In the documentary “The Hunting Ground,” one victim explained that some of the administrators asked her perpetrator to write an essay on why sexual assault compared to punishment, instead of getting them expelled, which is what they should have done. This clearly shows the administrators were very lenient and basically gave just a slap on the wrist in order to not “ruin their education,” but the victims have to live with a lifetime of potential mental damage. A SANEs’ purpose is not to protect the image of the institutions, but to be there for the victim in time of need, and gather evidence which leaves them without bias towards the victims. SANEs are trained to observe victims and thereby eliminate false charges. This is always a big deal when it comes to athletes. Due to the fame many athletes receive in college, it is very likely for them to have haters that want to take away their spotlight. There are also many times athletes are indeed guilty of the crime, but receive no consequences. Less than 4% of college men are student-athletes. They commit 19% or more of reported college sexual assaults. Erica Kinsman attended Florida State University when she was sexually assaulted by an athlete. She called the police, and they took her to the hospital where they performed the rape kit. She believed while she was in the hospital, the police were handling the situation. With the information Erica provided, the police could have identified and question the assailant the next day. They could have obtained security footage from the bar she attended and met the suspect, or identified the cab driver that drove her and the suspect. They did none of these. After some time, Erica went back to school and sees the suspect walk into class. She notifies the police of his name. Jameis Winston was the biggest football star in their college, and the police kept telling Erica to think long and hard if she would like to press charges. The Tallahassee Police Department refused to run DNA tests on Jameis. The detective on Erica’s case graduated from Florida State University and also worked with an organization that provided funds for Florida athletes. Jameis was only a freshman when he became the starting quarterback. He was the main source of revenue for Florida State, and leading them to championships. The police should have treated him like anyone else in these cases, and that did not happen here. Not every student athlete may be guilty of the crime they are accused of, but with SANEs on campus, victims will receive no bias, and colleges are assured to having a knowledgeable and objective source of support and evidence that will make sure no one is creating false accusations.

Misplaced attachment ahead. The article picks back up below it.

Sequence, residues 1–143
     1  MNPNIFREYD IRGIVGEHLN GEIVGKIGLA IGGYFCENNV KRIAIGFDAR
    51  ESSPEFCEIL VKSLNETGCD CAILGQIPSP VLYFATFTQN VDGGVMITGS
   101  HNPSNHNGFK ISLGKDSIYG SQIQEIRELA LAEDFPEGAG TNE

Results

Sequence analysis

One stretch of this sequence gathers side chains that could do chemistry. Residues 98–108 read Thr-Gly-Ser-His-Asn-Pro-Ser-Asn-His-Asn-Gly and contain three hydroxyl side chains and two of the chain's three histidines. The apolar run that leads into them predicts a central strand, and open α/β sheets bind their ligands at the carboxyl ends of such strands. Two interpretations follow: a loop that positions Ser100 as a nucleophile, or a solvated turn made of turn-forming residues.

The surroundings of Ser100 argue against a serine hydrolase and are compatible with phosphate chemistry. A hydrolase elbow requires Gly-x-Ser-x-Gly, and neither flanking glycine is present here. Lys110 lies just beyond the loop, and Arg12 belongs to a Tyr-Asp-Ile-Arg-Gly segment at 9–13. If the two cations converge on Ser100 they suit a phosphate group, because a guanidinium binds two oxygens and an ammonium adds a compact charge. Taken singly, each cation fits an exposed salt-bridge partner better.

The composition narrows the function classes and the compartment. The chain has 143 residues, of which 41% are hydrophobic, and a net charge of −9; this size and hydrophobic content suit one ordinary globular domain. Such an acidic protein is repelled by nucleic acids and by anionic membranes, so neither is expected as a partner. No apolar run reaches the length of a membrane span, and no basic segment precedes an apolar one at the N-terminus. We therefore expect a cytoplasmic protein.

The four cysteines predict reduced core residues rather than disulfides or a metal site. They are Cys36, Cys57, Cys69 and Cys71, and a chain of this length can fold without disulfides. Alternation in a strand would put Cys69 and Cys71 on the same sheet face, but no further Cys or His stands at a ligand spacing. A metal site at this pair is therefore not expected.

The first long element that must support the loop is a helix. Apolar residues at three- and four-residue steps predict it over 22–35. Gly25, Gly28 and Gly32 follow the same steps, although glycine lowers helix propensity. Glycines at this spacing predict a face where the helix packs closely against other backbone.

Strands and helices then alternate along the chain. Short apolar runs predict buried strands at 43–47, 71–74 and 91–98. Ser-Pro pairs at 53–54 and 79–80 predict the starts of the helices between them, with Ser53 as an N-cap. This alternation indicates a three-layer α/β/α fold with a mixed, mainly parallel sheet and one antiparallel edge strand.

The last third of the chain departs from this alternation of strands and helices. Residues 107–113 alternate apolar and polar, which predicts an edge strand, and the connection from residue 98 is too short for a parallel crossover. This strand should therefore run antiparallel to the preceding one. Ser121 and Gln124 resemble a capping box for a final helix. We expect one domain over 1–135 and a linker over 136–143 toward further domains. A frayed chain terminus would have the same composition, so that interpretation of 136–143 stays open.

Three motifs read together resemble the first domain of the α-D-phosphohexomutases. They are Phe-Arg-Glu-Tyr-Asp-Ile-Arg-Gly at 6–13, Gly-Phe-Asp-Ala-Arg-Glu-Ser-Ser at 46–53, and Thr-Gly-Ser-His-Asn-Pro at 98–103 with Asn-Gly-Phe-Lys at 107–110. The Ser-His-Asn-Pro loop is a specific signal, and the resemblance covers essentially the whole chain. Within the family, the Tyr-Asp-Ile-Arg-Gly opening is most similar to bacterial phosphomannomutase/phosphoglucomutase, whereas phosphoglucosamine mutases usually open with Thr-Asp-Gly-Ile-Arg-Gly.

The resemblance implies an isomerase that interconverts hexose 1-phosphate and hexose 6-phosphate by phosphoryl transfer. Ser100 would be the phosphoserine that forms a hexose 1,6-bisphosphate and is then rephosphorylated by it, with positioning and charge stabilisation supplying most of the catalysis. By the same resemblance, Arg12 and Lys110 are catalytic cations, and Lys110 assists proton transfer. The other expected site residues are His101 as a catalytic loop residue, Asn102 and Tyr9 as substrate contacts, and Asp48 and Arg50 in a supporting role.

In conclusion, there is no reason SANEs shouldn’t be mandatory on college campuses. It is important that SANEs are easily accessed by students who may not have transportation or even are unaware of such nurses. This causes no problems for a university because they are sticking to their protocols of Title IX, and most importantly keeping their campus safe due to the eventual elimination of perpetrators. Less than 8% of men commit more than 90% of sexual assaults. What this means is most men are not sexual predators, and those who are, will be quickly discovered by SANEs. With the help of SANEs, the evidence they gather will be enough to prosecute the assaulters, bring justice for the victims, and most importantly, save others from sexual assault. Many colleges across the United States stated they had 0 assaults in 2012, which causes parents to be misled by the colleges’ statistics. These young students need to know they can go to these trained professionals and ask for help and receive that help. These victims, in the eyes of the administrators, are not allowed to dress the way they want, go out the where they want, or act the way they are, but yet the perpetrators can do as they please. These are not victims but according to administrators were contributing to their assaults. No longer do victims need to fear administrators who blame them for their assault. As Dick made clear, the victim’s’ assault was unacceptable, but the way they were treated by administrators was worse. Instead, SANEs will be able to provide a comfortable and safe environment to talk for the victims, as well as someone trained to gather medical evidence against their assaulter. All universities need to be aware of their crimes. This would secure an influx of SANEs to ensure justice and put college sexual assaults to an end.